Lifestyle‎ > ‎

Ethiopia's Staple Food Teff Gains Popularity Among Hollywood Celebrities

posted 12 Mar 2014, 05:34 by Mpelembe   [ updated 12 Mar 2014, 05:35 ]

Ethiopia's teff crop has been grown and consumed in the east African nation for centuries - popularly used as the four to make the Ethiopian national food Injera. Now, it is presenting a healthy gluten-free grain option not just in Ethiopia but in the West, garnering support from celebrity heavyweights like Victoria Beckham and Gwyneth Paltrow as a new diet fad.

BISHOFTU, ETHIOPIA (REUTERS) -  At the Debre-Zeit Agricultural Research Centre in Bishoftu, 47 kilometres away fomEthiopia's capital, Addis Ababa, a new crop of teff is being grown under greenhouse conditions that the scientists here can study.

The gadget spec URL could not be found
Teff, Ethiopia's staple food has a rich cultural heritage and is eaten across the East African country.

The crop which looks like wheat and has a sour taste, is gluten-free. In recent years teff been hailed as a 'super-food' and is now part of a new diet fad amongst celebrities like Victoria Beckham andGwyneth Paltrow.

Research shows it can boost the body's vitality and reduce fat production. Grown by over six million farmers in Ethiopia, teff is rich in minerals and nutrients.

"Teff has many nutritional values. It has many nutrients like minerals, calcium magnesium, iron and the likes. It has also good content of mineral and ash. It has also protein content," said Dr. Solomon Chaniyalew a Research Scientist who breed Teff at the Agricultural Centre.

Dr. Chaniyalew says the Ethiopian government should patent teff particularly because of its growing popularity in the West.

In the past, developing countries like Ethiopia, have suffered "biopiracy," a term used to describe cases where foreign companies have been accused of plundering plants or animals from poorer parts of the world.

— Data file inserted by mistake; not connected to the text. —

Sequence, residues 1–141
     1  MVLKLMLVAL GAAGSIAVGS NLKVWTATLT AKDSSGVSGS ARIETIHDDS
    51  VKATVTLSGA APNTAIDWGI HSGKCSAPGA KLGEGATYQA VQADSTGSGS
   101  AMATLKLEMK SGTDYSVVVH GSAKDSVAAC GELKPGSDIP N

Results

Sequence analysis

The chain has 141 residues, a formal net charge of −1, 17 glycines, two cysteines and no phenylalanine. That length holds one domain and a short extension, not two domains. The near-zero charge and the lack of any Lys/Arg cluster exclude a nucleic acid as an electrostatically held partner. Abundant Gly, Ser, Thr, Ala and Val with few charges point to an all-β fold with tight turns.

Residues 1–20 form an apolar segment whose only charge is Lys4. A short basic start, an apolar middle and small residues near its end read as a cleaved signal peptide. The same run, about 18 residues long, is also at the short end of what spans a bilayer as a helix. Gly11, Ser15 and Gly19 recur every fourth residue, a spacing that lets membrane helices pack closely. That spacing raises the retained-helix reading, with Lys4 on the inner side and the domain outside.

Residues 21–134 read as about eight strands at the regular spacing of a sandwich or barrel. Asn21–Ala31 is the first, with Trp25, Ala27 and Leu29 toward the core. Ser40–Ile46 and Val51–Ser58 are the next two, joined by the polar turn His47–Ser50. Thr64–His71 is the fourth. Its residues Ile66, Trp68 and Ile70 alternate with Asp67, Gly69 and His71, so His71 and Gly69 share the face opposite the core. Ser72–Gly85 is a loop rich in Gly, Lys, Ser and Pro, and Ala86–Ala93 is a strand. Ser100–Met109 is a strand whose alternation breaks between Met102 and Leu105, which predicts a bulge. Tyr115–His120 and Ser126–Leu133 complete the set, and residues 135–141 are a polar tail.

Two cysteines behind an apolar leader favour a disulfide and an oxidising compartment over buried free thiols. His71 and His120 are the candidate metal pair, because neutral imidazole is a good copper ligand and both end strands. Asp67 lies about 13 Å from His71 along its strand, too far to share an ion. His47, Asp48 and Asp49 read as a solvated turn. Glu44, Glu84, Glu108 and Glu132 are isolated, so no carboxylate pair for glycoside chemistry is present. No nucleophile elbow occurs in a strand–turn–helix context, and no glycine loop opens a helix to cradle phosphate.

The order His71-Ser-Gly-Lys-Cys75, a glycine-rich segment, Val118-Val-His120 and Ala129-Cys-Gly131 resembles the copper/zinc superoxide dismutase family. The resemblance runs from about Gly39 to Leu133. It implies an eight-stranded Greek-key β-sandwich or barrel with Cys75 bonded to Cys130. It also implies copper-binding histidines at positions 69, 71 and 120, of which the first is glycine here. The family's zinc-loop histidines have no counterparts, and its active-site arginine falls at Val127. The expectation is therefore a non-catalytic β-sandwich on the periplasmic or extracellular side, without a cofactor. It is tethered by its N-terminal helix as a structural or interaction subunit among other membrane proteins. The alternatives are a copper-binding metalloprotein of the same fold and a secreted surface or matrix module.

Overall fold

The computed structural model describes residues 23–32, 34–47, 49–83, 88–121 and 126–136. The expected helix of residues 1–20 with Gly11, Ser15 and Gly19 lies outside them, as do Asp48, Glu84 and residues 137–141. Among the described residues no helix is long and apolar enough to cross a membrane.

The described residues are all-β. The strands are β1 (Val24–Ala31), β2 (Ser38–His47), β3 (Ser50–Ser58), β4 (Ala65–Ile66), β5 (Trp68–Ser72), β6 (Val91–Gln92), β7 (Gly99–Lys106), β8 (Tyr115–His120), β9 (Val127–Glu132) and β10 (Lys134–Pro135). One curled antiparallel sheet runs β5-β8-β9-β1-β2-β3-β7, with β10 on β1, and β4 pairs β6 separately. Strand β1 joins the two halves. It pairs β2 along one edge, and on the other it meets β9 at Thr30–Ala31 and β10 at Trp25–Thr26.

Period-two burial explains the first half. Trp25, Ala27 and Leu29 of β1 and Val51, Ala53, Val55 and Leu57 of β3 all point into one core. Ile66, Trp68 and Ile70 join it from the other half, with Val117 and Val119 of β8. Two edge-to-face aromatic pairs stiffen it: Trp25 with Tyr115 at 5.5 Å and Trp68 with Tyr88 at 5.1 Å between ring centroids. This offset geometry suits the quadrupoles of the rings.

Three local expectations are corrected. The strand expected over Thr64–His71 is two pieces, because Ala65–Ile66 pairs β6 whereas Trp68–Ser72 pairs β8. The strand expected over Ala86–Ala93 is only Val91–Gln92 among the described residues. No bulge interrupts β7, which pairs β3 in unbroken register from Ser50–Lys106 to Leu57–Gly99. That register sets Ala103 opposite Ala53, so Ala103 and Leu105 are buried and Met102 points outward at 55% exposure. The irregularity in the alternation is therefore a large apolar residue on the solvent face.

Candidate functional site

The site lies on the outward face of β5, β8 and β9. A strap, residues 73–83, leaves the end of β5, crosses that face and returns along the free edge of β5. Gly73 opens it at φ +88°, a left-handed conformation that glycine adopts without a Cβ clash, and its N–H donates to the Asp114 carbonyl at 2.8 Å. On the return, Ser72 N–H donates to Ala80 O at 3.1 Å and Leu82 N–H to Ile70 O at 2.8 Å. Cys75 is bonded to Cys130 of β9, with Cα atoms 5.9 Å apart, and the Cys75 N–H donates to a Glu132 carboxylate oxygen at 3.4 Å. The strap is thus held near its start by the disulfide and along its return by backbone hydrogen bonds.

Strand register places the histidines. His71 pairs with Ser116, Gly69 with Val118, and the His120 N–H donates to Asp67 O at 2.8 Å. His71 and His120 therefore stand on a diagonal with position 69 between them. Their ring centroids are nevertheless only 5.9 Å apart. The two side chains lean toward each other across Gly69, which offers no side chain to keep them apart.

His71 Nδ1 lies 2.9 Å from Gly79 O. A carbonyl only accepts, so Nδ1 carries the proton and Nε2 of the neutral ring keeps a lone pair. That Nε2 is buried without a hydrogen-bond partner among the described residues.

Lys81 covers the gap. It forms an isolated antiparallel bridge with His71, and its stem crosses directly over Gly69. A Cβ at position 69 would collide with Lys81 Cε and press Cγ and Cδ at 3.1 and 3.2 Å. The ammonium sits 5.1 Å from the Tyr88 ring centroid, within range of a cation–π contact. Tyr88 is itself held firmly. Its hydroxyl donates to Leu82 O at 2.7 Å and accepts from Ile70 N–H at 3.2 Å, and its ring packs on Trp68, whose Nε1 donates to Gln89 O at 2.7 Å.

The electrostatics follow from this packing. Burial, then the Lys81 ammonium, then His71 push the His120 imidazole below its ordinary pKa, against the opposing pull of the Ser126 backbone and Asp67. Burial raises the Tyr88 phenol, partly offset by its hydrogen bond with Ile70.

The government has placed a ban on exports to try and protect the local market.

"Our farmers have been cultivating teff for centuries; for three thousand years. They are the ones who domesticated it and kept with them. So they have to benefit for their good job and the country has to also benefit from teff. So, in the future I think the government is trying to get some kind of patent on the crop itself."

Once harvested teff is ground into flour and sold by traders like Bedru Shukra who also runs a mill. Shukra is, however, concerned that increased demand for teff from abroad could hike production costs, making it more expensive for local businessmen and consumers.

For now though Ethiopian teff producers remain locked out of the global market because of the ban.

"Majority of Ethiopians eat teff. The demand for teff is rising here in Ethiopia itself. So, if there is extra demand from outside on top of its current local demand, I think the market will be out of control. Majority of the consumers and local dealers will not be able to afford increased prices. They may not be able to afford to eat even once a day," said Shukra.

Teff flour is used to make injera, a spongy, fermented bread or pancake. The process of making of injera has been passed down from generation to generation. Askale Mariam Tekle bakes and sells injera for a living.

"To make injera, first the dough has to be fermented with yeast and teff flour. To make sure it is properly fermented and has a right amount of yeast, you bake one injera as a tester. So, if you notice there is less yeast you add a little more, otherwise you can continue baking the injera," explained Tekle.

Injera is often topped with vegetables or meat dishes served with goat cheese. The meal is often shared among three or four people with families sometimes eating injera two or three times a day.